Date

5-2014

Document Type

Thesis

Degree Name

M.S.

Department

Dept. of Public Health and Preventive Medicine

Institution

Oregon Health & Science University

Abstract

Objectives:

Evaluate the effects of process improvement methods on wait-time across each study period (baseline, intervention, sustain) for patients entering substance abuse treatment programs participating in the NIATx 200 study through the use of quantile and least squares regression. Determine whether more intensive process improvement methods result in greater reductions in wait-time for patients entering substance abuse treatment programs participating in the NIATx 200 study.

Methods:

Data derived from the 201 organizations in five states participating in NIATx 200. Process improvement methods involve interest circle calls, coaching, learning sessions and a combination of all three. The primary analysis is the development of a nonlinear quantile regression model for process improvement method evaluation. Secondary analysis consists of the development of a nonlinear least squares regression model.

Results:

Among all groups, the coaching intervention (-56.8%) resulted in the greatest overall predicted reduction in wait-time for the duration of the study in the 50% quantile. The interest circle calls (-33.21%) and learning sessions (-14.29%) groups had the greatest wait-time reductions among all groups in the 90% quantile between the intervention and sustain periods of the study.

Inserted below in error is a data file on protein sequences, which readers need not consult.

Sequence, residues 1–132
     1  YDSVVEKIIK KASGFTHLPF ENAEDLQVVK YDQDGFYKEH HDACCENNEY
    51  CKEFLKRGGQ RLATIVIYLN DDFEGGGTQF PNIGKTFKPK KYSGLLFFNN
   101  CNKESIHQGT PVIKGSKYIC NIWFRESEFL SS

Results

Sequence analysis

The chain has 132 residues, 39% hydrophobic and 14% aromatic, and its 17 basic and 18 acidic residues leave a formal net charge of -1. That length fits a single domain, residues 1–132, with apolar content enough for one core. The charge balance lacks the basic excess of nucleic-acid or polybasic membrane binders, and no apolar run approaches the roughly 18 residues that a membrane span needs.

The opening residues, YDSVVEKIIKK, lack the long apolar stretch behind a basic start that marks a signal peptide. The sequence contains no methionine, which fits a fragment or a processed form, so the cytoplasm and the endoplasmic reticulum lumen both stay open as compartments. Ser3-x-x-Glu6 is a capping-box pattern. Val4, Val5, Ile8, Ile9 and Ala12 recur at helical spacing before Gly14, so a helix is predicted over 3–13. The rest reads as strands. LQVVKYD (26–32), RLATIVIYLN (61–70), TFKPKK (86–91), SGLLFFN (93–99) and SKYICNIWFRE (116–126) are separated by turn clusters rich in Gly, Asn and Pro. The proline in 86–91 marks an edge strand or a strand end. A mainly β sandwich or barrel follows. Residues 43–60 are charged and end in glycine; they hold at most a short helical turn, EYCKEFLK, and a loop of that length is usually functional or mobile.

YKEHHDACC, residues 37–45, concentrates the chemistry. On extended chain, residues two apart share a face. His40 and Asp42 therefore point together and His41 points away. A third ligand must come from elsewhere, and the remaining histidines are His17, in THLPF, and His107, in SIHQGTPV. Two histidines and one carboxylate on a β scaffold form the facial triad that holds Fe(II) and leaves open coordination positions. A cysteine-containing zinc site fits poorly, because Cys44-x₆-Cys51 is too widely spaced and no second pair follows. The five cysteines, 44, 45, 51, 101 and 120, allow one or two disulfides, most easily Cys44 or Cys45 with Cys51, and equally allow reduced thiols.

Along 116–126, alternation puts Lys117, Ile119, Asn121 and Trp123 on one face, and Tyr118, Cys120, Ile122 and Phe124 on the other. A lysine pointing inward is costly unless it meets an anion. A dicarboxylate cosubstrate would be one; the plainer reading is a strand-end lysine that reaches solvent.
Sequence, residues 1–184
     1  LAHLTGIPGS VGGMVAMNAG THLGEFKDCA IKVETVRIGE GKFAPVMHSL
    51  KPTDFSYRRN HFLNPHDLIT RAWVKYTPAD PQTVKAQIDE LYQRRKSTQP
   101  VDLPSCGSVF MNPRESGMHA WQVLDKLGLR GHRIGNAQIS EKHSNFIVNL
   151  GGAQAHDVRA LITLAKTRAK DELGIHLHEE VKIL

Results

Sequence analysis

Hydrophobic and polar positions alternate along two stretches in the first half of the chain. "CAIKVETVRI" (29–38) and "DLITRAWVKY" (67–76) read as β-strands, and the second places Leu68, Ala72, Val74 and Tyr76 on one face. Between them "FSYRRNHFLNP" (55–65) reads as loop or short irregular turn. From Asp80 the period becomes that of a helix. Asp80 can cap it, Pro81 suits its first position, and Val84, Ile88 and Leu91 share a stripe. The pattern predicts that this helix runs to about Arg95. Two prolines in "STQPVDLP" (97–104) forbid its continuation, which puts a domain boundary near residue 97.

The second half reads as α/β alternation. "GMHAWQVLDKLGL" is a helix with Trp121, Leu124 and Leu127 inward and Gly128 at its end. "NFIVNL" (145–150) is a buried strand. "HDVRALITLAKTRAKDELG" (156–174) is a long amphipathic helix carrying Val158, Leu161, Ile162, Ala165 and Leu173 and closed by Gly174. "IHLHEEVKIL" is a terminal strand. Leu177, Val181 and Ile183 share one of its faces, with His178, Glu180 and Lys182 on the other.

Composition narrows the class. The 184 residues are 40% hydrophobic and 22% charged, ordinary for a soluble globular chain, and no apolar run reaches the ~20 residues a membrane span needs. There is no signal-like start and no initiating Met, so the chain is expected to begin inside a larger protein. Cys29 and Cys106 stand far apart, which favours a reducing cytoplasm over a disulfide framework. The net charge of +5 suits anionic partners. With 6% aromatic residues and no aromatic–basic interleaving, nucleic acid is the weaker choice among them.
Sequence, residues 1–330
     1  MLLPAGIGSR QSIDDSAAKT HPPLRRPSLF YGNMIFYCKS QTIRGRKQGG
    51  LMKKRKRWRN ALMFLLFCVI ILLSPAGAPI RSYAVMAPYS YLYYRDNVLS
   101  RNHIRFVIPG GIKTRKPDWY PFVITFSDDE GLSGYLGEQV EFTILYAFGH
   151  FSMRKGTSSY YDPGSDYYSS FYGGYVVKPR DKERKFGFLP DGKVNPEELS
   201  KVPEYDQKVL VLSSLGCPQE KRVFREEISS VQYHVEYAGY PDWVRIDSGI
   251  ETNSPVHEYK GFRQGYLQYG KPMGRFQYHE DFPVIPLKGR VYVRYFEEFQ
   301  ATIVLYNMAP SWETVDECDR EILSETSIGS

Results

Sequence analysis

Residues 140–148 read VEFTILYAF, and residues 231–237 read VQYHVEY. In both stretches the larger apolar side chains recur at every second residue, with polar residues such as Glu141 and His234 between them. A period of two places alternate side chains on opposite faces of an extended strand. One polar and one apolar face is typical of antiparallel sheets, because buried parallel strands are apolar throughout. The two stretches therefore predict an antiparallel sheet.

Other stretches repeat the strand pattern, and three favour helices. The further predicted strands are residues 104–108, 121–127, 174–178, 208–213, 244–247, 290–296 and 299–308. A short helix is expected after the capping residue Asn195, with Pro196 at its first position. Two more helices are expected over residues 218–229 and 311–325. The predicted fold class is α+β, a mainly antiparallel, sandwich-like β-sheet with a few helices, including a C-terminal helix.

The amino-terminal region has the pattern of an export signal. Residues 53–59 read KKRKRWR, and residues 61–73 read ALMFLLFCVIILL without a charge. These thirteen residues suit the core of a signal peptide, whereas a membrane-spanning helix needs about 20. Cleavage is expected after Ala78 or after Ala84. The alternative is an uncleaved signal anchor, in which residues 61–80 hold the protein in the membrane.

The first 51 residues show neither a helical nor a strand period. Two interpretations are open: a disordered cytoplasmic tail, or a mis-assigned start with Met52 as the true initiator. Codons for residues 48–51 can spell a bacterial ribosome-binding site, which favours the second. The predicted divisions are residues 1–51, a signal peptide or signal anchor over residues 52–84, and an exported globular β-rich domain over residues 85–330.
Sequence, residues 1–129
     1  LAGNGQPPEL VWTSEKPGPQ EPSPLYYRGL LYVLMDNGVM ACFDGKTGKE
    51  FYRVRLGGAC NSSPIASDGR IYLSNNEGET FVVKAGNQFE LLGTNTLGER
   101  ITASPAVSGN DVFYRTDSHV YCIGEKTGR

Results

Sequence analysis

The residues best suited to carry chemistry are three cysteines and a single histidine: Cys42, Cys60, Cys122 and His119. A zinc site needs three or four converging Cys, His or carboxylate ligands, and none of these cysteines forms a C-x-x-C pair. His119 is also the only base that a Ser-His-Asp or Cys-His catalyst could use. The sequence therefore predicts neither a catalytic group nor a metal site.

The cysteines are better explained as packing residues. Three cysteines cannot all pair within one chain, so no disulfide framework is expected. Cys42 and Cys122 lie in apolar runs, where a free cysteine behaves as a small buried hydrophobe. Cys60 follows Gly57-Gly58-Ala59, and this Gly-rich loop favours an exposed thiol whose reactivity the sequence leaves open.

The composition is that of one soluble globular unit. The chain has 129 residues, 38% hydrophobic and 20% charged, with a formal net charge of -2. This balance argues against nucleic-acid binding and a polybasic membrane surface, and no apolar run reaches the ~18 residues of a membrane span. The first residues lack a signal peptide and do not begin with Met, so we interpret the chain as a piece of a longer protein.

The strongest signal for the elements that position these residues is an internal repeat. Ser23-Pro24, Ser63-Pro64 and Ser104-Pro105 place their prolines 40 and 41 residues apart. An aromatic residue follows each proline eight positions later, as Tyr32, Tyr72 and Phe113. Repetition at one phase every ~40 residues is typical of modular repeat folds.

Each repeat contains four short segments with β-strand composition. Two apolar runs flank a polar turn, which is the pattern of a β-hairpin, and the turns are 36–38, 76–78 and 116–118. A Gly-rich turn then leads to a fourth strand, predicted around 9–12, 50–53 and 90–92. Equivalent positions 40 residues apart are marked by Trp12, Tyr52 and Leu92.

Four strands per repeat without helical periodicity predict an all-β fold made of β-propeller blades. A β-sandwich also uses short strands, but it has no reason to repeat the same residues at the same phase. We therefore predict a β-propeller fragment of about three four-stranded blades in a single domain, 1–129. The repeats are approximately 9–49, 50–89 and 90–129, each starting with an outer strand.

Conclusions:

High cost/complexity process improvement methods do not necessarily result in greater reductions in wait-time for substance abuse treatment centers. Aside from an unusual baseline period, the combination intervention was generally the least effective at reducing wait-time. By contrast, the interest circle calls and learning sessions interventions were effective at reducing wait-time during the intervention and sustain periods. The coaching intervention consistently resulted in wait-time increases during the intervention period, but resulted in significant wait-time reduction during the baseline and sustain periods.

Identifier

doi:10.6083/M4TD9W2G

School

School of Medicine

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